This text also teaches us that the new age has come because God has given us the eschatological Spirit promised in the OT. The Galatians are the people of the new covenant precisely because the Spirit had been poured out in their midst. Furthermore, the Spirit manifested himself in evident ways by doing miracles in their midst. The mark of the Christian community today continues to be the presence of the Spirit in power. Only those who have received the Spirit (Rom 8:9) truly belong to Christ. SCHREINER First-century Judaism generally focused on Abraham’s obedience, and especially the obedience he so memorably revealed when God “tested” him by calling on him to sacrifice his son Isaac (Gen. 22). On the basis of Gen. 26:5, Jewish interpreters also viewed Abraham’s obedience as directed to the law itself (see the additional note on 3:6). The agitators were probably using this view of Abraham to argue that righteousness was tied to doing the law. The appeal to Gen. 15:6 may, then, be a reflection of Paul’s own reading of the Abraham narrative (Martyn 1997: 297. MOO Genesis 15:6 recounts Abraham’s response to the Lord’s promise that Abraham’s “seed,” coming from his own body, would be as numerous as the stars in the heaven (15:4): “Abram believed the Lord.” In turn, the Lord responded to Abraham and “credited it to him as righteousness.” The meaning of this passage is disputed, but it is best taken to mean that God graciously viewed Abraham’s faith as having in itself fulfilled all that God expected of Abraham in order for him to be in the right before God. Paul’s appeal to this verse for the connection between forensic righteousness and faith is, therefore, a fair application of the intention of Gen. 15:6 (see the additional note on 3:6). MOO Paul might have in mind with the previous paragraph is not clear. His implicit comparison between the Galatians’ experience of the Spirit and Abraham’s righteousness reveals that Paul views justification and the Spirit as closely related that “righteousness” includes the transforming work of God’s Spirit: the Spirit functions in verses 1–5 not as an agent of transformation but as the confirmation that the believers have indeed entered into relationship with God. MOO His concern is to make clear to the Galatians that, in contrast to the views of the agitators, righteousness is always and at every stage manifested through faith. MOO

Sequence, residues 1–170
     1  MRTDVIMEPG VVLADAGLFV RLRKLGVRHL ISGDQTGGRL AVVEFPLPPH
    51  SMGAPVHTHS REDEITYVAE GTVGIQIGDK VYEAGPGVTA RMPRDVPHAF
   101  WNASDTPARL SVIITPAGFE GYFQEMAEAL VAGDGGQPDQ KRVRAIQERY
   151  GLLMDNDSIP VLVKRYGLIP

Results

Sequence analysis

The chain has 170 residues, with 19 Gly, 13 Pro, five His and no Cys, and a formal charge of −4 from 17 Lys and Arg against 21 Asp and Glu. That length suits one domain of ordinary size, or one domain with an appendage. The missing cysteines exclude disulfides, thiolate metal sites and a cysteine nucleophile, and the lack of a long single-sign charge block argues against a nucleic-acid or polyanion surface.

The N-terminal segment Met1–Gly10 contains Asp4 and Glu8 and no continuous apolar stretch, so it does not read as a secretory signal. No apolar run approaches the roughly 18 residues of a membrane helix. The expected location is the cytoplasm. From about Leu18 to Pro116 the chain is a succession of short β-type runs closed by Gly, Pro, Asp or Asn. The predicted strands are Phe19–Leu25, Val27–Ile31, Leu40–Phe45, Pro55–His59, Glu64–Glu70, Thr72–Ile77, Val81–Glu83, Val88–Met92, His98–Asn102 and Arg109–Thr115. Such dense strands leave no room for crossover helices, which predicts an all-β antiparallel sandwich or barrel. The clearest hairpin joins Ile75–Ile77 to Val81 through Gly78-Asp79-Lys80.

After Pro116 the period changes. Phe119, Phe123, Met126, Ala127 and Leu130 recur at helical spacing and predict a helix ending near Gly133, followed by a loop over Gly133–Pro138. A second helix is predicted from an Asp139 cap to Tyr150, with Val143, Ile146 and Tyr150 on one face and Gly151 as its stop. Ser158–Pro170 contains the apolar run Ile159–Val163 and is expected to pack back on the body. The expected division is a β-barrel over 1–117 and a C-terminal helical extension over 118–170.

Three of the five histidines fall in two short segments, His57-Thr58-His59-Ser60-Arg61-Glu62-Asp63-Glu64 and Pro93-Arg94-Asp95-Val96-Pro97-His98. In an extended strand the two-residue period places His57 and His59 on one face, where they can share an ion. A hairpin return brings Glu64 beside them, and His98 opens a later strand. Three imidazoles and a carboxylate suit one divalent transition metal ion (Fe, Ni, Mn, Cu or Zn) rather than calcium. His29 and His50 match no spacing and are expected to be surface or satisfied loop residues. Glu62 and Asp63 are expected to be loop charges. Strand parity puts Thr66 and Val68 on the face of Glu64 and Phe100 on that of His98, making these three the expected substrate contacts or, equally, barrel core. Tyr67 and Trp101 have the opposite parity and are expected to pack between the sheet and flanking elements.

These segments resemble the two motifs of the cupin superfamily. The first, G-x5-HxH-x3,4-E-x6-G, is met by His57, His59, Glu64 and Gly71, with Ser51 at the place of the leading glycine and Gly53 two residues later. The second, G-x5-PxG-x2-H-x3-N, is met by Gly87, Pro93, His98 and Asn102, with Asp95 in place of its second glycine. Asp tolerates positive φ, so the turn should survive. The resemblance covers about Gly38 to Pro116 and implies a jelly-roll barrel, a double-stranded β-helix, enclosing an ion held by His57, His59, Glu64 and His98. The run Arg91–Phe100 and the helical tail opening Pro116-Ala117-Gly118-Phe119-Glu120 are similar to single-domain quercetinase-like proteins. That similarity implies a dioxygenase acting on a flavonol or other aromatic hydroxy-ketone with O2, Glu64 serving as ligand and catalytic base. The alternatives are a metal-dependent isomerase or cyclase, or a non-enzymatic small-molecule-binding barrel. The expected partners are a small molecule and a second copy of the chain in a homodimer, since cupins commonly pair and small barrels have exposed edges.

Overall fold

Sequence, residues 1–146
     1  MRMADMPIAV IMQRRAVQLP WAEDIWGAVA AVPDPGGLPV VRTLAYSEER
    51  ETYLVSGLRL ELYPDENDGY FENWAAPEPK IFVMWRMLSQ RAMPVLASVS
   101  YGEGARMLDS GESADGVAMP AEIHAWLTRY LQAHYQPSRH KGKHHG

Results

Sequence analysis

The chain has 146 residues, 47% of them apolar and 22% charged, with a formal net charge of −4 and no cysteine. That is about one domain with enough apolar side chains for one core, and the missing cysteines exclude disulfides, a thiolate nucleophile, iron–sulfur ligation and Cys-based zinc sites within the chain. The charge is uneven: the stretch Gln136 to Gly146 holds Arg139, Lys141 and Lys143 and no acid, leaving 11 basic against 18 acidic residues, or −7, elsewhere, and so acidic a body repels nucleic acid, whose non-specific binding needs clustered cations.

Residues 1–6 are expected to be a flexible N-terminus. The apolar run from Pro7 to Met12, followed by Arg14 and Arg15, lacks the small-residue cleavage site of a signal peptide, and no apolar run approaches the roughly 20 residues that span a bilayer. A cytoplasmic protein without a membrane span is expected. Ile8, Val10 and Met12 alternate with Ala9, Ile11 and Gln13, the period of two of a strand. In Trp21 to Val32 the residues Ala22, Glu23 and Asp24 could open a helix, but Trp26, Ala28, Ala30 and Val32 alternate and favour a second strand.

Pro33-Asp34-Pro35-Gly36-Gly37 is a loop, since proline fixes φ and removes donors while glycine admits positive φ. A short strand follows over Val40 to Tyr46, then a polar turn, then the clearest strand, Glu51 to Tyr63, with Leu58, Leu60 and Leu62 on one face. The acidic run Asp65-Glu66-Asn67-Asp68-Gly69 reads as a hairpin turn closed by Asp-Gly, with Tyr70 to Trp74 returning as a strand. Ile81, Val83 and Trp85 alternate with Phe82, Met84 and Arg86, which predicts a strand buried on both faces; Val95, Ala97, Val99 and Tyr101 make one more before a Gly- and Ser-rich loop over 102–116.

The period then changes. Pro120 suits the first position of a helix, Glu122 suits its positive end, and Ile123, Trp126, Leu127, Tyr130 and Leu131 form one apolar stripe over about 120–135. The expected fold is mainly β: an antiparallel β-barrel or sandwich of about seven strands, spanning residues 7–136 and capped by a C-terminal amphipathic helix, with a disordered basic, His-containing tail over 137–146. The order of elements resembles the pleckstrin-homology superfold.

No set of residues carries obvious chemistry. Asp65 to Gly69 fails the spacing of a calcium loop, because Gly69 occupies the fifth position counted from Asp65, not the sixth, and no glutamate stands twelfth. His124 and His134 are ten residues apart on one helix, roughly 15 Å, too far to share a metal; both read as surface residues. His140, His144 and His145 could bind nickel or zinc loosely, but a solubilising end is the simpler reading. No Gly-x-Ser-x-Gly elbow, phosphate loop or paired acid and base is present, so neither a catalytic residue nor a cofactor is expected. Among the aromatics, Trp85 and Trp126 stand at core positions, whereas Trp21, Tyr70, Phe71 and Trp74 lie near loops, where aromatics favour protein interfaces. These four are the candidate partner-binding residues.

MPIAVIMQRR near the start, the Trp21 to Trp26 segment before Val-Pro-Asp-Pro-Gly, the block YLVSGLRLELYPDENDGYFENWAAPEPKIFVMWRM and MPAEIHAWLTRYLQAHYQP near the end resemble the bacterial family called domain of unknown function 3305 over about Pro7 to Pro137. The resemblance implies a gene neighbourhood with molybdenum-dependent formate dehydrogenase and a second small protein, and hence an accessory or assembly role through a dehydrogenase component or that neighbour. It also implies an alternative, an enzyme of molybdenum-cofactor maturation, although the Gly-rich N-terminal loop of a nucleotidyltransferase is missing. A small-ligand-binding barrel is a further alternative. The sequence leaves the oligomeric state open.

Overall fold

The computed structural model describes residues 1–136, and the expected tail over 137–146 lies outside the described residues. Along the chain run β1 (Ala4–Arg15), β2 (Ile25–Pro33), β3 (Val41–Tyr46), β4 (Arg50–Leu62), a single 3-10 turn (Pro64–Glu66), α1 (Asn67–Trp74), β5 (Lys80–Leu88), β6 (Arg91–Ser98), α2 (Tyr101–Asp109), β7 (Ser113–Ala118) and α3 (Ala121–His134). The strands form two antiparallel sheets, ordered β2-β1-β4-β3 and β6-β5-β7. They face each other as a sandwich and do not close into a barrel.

BIBLIOGRAPHY Moo, Douglas J. Galatians. Baker Exegetical Commentary on the New Testament. Grand Rapids, MI: Baker Academic, 2013. Ryken, Philip Graham. Galatians. Edited by Richard D. Phillips, Philip Graham Ryken, and Daniel M. Doriani. Reformed Expository Commentary. Phillipsburg, NJ: P&R Publishing, 2005. Schreiner, Thomas R. Galatians. Zondervan Exegetical Commentary on the New Testament. Grand Rapids, MI: Zondervan, 2010.